In this thriller confronting North Korea's brutal dictatorship, readers follow three interwoven storylines: a CIA operative in search of her sister, whom she suspects was kidnapped by the regime, a North Korean peasant, and an elite North Korean Diplomat whose family ties to a political dissident threaten his livelihood and life.
John tells his story with skill and a knack for pithy phrases such as 'Her face was as plain as a blister' ... The author offers facts about North Korea that may surprise some readers ... Star of the North builds to a gripping climax ... It’s an exciting ending to a novel that, in addition to being highly entertaining, suggests the difficulties we face in dealing with a small, distant nation with values and beliefs so different from our own.
The storylines of these three characters interweave, providing an exhilarating, intriguing plot. The novel ends with a fiery chase brimming with unusual twists and turns. Through it all, the reader is unexpectedly educated about realities in the hermit realm of North Korea. John offers a fresh, informed look at the oppression, corruption and widespread misery caused by Kim Jong-il, father of Kim Jong-un, North Korea’s current totalitarian dictator. The novel, grounded in facts, is intellectually stimulating because of this new, and sometimes maddening, information about life in this regime. This is a smart, sophisticated, topical spy story hard to put down.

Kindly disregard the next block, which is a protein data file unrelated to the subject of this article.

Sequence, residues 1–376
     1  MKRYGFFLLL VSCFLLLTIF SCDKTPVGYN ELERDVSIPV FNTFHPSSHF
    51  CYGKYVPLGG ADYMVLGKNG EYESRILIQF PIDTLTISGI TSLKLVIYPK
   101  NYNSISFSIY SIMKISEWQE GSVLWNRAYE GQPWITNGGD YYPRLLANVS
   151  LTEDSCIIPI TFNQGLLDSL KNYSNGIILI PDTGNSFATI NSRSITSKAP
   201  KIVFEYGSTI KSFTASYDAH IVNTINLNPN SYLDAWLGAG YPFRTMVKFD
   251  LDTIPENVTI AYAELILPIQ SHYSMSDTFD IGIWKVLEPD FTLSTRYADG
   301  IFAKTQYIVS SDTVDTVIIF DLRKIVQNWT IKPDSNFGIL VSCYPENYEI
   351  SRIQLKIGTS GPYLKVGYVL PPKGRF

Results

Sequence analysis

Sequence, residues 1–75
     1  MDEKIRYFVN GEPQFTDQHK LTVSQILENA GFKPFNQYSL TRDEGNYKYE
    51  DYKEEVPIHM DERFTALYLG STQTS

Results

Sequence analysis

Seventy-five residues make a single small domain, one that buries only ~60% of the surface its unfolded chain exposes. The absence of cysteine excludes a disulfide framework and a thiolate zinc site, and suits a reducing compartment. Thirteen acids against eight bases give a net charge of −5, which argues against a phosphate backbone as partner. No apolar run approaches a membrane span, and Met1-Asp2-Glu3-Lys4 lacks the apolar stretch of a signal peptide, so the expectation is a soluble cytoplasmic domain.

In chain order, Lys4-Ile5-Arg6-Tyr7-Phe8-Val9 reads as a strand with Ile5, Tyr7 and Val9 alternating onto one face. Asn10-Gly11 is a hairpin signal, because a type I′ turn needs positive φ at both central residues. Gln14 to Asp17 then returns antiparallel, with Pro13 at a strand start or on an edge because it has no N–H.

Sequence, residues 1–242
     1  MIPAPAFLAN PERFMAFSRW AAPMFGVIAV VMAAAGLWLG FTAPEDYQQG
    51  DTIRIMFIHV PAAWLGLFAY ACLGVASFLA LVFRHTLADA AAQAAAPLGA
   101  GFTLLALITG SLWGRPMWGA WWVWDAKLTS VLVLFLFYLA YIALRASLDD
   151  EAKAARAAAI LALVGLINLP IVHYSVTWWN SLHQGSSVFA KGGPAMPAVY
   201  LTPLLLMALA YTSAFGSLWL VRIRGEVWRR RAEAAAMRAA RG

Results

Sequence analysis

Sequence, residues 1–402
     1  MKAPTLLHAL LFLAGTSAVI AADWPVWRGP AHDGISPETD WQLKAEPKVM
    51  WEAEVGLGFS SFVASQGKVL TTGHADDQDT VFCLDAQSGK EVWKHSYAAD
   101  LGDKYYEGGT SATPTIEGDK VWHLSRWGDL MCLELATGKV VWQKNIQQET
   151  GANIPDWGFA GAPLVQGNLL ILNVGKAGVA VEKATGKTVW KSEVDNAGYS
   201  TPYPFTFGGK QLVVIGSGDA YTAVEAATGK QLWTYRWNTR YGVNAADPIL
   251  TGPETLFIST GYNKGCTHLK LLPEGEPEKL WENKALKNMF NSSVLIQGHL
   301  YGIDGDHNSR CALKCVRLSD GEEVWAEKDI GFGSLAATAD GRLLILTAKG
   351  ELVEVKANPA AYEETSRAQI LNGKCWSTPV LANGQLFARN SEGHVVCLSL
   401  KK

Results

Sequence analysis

How these characters’ lives unpredictably intersect is told with drama and flair by Mr. John, a Londoner whose flexible style is equally at home describing a dictator’s luxury train or the psychic depths of an icy gulag. While CIA agent Jenna, with her seductive allure and her hand-to-hand combat skills, comes close at times to seeming like a female James Bond, Star of the North is saved from caricature by passages of the grimmest realism and welcome bursts of humanism and hope.